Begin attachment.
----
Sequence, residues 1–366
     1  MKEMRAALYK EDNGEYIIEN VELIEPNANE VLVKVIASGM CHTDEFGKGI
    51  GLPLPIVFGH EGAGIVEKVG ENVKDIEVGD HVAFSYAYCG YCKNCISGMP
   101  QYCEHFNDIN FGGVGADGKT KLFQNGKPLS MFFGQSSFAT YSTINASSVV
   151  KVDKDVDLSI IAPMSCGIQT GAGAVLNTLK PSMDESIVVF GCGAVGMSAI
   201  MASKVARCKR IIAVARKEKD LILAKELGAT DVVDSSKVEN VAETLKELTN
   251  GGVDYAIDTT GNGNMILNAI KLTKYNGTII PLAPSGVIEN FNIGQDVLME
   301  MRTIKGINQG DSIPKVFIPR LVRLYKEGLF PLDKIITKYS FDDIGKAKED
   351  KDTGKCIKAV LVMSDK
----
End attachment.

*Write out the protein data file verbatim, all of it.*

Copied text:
Sequence, residues 1–366
     1  MKEMRAALYK EDNGEYIIEN VELIEPNANE VLVKVIASGM CHTDEFGKGI
    51  GLPLPIVFGH EGAGIVEKVG ENVKDIEVGD HVAFSYAYCG YCKNCISGMP
   101  QYCEHFNDIN FGGVGADGKT KLFQNGKPLS MFFGQSSFAT YSTINASSVV
   151  KVDKDVDLSI IAPMSCGIQT GAGAVLNTLK PSMDESIVVF GCGAVGMSAI
   201  MASKVARCKR IIAVARKEKD LILAKELGAT DVVDSSKVEN VAETLKELTN
   251  GGVDYAIDTT GNGNMILNAI KLTKYNGTII PLAPSGVIEN FNIGQDVLME
   301  MRTIKGINQG DSIPKVFIPR LVRLYKEGLF PLDKIITKYS FDDIGKAKED
   351  KDTGKCIKAV LVMSDK